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No such astonishing numbers of massive statues are found anywhere else in the Pacific. How could the islanders possibly have moved so many multi-ton monoliths from the quarry inland, where they were carved, to their posts along the coastline? And most intriguing and vexing of all, if the island once boasted a culture developed and sophisticated enough to have produced such marvelous edifices, what happened to that culture? Why was the island the Europeans encountered a sparsely populated wasteland?
The prevailing accounts of the island’s history tell a story of self-inflicted devastation: a glaring case of eco-suicide. The island was dominated by a powerful chiefdom that promulgated a cult of statue making, exercising a ruthless hold on the island’s people and rapaciously destroying the environment, cutting down a lush palm forest that once blanketed the island in order to construct contraptions for moving more and more statues, which grew larger and larger. As the population swelled in order to sustain the statue cult, growing well beyond the island’s agricultural capacity, a vicious cycle of warfare broke out between opposing groups, and the culture ultimately suffered a dramatic collapse.
When Terry Hunt and Carl Lipo began carrying out archaeological studies on the island in 2001, they fully expected to find evidence supporting these accounts. Instead, revelation after revelation uncovered a very different truth.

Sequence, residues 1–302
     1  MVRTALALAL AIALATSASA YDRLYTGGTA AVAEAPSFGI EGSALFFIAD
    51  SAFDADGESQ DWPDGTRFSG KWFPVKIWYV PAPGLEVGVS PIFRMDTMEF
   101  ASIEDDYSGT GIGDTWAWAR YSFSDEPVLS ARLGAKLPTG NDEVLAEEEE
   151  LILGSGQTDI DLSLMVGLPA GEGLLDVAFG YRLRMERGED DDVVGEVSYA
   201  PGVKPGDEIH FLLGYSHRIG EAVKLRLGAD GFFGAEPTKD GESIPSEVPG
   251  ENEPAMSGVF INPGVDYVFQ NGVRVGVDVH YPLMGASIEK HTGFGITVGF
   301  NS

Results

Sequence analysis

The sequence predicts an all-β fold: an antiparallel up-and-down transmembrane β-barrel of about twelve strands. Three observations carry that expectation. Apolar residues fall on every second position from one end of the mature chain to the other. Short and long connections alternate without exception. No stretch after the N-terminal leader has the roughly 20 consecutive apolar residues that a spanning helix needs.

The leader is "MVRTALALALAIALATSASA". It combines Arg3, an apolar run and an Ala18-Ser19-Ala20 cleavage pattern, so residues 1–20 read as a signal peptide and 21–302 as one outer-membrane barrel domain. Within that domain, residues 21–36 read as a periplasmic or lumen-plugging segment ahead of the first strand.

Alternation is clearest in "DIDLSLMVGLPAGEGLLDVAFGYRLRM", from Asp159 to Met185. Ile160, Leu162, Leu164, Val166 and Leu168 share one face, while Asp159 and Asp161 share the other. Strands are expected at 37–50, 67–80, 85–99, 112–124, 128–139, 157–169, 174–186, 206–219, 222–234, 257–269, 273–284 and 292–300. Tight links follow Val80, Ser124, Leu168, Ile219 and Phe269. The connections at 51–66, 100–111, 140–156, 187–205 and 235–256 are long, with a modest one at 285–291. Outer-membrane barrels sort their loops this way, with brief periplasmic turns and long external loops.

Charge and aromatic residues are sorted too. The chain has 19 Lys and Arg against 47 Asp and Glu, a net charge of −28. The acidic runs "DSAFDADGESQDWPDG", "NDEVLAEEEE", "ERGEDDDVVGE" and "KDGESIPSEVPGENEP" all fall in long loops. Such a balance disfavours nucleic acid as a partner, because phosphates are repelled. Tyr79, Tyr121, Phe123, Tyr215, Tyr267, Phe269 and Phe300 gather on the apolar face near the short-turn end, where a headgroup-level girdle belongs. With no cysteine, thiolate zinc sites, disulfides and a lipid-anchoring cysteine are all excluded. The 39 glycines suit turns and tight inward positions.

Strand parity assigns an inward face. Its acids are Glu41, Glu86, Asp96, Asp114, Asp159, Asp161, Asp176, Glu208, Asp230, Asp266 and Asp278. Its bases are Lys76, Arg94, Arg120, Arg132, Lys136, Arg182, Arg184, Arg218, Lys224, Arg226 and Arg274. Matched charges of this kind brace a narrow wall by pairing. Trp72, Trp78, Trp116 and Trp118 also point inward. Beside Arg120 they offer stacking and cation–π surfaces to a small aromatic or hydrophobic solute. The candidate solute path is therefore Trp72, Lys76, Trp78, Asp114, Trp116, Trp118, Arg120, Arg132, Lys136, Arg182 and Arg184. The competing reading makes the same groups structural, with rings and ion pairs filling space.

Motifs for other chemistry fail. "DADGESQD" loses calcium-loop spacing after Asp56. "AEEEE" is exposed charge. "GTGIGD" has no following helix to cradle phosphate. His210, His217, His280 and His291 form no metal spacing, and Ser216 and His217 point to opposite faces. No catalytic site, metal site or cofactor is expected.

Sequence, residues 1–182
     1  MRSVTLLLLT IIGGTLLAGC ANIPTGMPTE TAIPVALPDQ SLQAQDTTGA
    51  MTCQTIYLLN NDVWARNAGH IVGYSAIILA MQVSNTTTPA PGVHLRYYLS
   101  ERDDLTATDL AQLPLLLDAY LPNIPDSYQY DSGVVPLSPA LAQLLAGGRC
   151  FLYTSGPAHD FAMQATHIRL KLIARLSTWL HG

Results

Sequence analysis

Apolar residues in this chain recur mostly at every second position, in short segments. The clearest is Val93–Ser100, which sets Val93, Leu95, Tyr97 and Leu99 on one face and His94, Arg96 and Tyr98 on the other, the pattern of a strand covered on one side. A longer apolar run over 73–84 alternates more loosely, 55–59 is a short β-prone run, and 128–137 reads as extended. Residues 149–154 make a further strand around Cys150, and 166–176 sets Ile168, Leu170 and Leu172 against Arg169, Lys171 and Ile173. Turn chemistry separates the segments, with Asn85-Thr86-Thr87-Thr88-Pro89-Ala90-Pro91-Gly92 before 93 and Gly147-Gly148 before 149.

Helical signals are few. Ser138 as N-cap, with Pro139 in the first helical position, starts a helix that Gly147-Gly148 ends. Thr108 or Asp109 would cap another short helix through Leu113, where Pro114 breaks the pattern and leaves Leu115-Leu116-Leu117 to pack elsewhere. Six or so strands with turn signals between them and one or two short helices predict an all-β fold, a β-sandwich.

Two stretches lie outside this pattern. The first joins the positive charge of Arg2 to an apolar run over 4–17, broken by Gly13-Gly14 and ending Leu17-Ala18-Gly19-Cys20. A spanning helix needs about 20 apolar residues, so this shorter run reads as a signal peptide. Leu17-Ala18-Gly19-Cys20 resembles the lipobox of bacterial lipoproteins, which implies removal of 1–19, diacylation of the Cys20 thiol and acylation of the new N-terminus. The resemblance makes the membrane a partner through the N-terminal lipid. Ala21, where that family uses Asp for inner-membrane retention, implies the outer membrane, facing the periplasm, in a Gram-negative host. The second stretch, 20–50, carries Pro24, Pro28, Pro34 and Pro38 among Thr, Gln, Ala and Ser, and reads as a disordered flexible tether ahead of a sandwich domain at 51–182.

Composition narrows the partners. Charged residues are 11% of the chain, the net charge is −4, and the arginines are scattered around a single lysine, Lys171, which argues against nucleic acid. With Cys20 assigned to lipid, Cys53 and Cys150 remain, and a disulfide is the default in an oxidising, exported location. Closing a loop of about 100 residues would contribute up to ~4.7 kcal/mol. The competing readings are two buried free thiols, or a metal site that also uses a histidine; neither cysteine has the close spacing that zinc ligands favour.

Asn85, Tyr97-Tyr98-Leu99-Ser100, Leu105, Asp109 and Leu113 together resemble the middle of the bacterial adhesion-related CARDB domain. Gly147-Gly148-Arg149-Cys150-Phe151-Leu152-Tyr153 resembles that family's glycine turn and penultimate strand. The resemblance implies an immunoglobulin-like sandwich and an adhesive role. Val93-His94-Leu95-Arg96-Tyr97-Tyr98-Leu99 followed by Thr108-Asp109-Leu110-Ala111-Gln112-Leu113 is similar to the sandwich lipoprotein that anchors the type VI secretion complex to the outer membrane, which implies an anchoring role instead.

Customer ReviewsMost Helpful
By Diane on 09-14-12
The "Mystery of Easter Island" remains raveled
This book summarizes recent archeological and anthropological research, some of it quite surprising, into the history of Easter Island or Rapa Nui. The large majority of the book is dedicated to explaining on how the Polynesians who settled Rapa Nui managed to survive in a very precarious ecosystem; a major emphasis is given to persuasively discrediting Jared Diamond's assertion that the behavior of the Rapa Nui is emblematic of the willful self-destructive patterns of a population whose behavior causes its own economic and cultural collapse.
Only a few chapters are dedicated to the statues themselves, relating mostly to how the statues could have been carved and moved by the islanders, and these are quite interesting. However, explanations as to WHY the islanders carved such an abundance of the statues, what they were supposed to represent, why they were placed where they were, etc., were unsatisfying, to put it mildly.
The authors' discussion on the reason for the statues almost exclusively revolves around a theory relating to status accumulation and population control in a limited environment, seeming to suggest, as far as I understand it, that the men were kept busy building and moving statues in order to limit their opportunities to father children and keep them from fighting with each other (not consciously, mind you, but as a function of population dynamics). I can't help but find this argument patronizing in the extreme and totally inadequate in explaining the astonishing creativity and energy of these island people.
14 of 14 people found this review helpful
By Carole T. on 06-30-12
Love Those Mysterious Islands!
Before listening to this quite enjoyable book, I knew nothing about Easter Island (except there are big statues there), so I cannot really comment on this as opposed to other scholarly approaches to the history and archeology of the area. I can say that I found this to be very informative and well-narrated.
The authors take on not only the mysteries of the island, but also the preconceptions about the inhabitants and the ecology that other scientists have brought to the study. It makes perfect sense to me that a society may not have to develop in the same way Europeans did to be considered "enlightened" cultures.
Glad I bought this during a recent sale!
11 of 11 people found this review helpful